According to the Sleep Foundation (opens in new tab), the military sleep method has been used by some service members to ensure enough sleep for combat since World War II. This simple technique helps many users fall asleep within two minutes, however the key is to practice it regularly for up to six weeks, so it’s a good idea not to wait until you’ve pitched your tent to try it out.
- Relax all the muscles of your face, head and neck.
- Relax your shoulders, arms and hands, letting them relax on either side of your body.
- Take an inhale and a long exhale to relax your chest.
- Relax your legs from your thighs down to your calves, then your ankles and feet.
- Clear your mind of thoughts for 10 seconds. It might help to visualize a relaxing scene that you’ve witnessed on your adventures, like swinging in a hammock under a tree, watching the waves rolling in to shore or looking at clouds drifting across the sky.
- When thoughts arise, don’t get discouraged – just let them arise and drift away. If visualization doesn’t come easily to you or it creates strain or anxiety, try repeating 'don’t think' to yourself over and over.
2. Diaphragmatic breathing
Even though research on how you can regulate your vagus nerve function (opens in new tab) with your breath has just begun in the scientific community, yoga practitioners have been using breathing techniques to regulate their nervous systems for centuries. There are countless breathing techniques in yoga, but the key to using your breath to fall asleep lies in making your breathing deeper and slower, in particular your exhale, which will slow down your heart rate.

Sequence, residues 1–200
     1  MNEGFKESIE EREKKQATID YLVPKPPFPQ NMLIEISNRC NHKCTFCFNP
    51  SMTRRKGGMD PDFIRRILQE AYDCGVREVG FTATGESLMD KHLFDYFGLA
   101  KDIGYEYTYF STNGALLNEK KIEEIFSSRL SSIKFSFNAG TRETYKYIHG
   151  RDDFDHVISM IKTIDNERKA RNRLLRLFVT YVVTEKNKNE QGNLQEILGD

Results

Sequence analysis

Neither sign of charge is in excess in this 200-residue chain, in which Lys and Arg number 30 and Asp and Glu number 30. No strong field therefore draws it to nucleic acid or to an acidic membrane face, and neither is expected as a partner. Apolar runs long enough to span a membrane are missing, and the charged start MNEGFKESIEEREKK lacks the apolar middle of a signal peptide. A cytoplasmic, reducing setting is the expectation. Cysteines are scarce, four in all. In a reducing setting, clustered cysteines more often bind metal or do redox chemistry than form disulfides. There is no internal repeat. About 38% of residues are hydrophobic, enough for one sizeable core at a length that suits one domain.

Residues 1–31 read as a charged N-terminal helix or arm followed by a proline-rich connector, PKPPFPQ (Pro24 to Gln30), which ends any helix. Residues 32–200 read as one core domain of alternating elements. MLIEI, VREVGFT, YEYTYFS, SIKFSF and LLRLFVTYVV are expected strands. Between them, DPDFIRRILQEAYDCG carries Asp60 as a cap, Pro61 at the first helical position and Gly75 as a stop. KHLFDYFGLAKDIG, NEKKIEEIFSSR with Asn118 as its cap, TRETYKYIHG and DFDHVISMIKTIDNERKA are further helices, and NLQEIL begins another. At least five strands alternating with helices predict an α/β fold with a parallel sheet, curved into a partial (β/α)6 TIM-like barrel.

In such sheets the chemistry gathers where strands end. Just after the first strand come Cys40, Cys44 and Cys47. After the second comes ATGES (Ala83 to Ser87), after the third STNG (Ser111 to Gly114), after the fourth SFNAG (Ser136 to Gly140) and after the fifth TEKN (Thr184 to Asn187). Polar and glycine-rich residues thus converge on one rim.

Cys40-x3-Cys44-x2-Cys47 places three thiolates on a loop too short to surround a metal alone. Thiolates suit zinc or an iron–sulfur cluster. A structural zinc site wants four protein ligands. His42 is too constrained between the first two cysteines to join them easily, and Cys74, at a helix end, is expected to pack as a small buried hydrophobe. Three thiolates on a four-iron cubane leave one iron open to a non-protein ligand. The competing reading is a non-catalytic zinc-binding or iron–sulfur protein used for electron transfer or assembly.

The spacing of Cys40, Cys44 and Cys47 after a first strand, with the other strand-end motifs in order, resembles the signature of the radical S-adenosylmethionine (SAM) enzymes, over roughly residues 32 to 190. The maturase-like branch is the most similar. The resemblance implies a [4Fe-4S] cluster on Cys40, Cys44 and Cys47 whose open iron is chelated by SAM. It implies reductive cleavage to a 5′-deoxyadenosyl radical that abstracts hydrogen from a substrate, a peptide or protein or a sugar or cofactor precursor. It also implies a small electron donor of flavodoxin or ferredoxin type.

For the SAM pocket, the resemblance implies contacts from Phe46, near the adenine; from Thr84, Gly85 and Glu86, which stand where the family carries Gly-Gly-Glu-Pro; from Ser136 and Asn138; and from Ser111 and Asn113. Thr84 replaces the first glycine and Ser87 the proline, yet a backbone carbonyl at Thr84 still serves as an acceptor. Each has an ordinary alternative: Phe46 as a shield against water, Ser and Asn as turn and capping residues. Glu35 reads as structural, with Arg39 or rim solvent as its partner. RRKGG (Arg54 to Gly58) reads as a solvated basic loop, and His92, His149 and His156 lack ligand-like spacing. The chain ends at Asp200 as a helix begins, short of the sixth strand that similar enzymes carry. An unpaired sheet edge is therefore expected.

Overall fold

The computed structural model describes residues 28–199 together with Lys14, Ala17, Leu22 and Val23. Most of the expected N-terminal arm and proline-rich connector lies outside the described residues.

To fall asleep at camp, try simple diaphragmatic breathing, which has been indicated in reducing stress in a 2017 study in Frontiers in Psychology (opens in new tab), paving the way for better sleep. Your diaphragm is the primary muscle used in respiration, however many of us don’t use it much at all, breathing a shallow breath into our upper chest instead. The study indicates that shallow breathing may be an underlying cause of anxiety, and using your diaphragm to breathe ensures a deeper, fuller breath.
- Place one hand on your upper chest and the other on your abdomen, just below your rib cage. This is where your diaphragm is.
- Breathe in slowly and deeply through your nose so that your abdomen expands, causing your hand to rise – do this without strain. The hand on your chest shouldn't move.
- Gently contract your abdominal muscles as you exhale gently through pursed lips, so that your abdomen moves in and you feel your hand lower.
- Repeat this cycle for two to three minutes, then relax your breath and your body.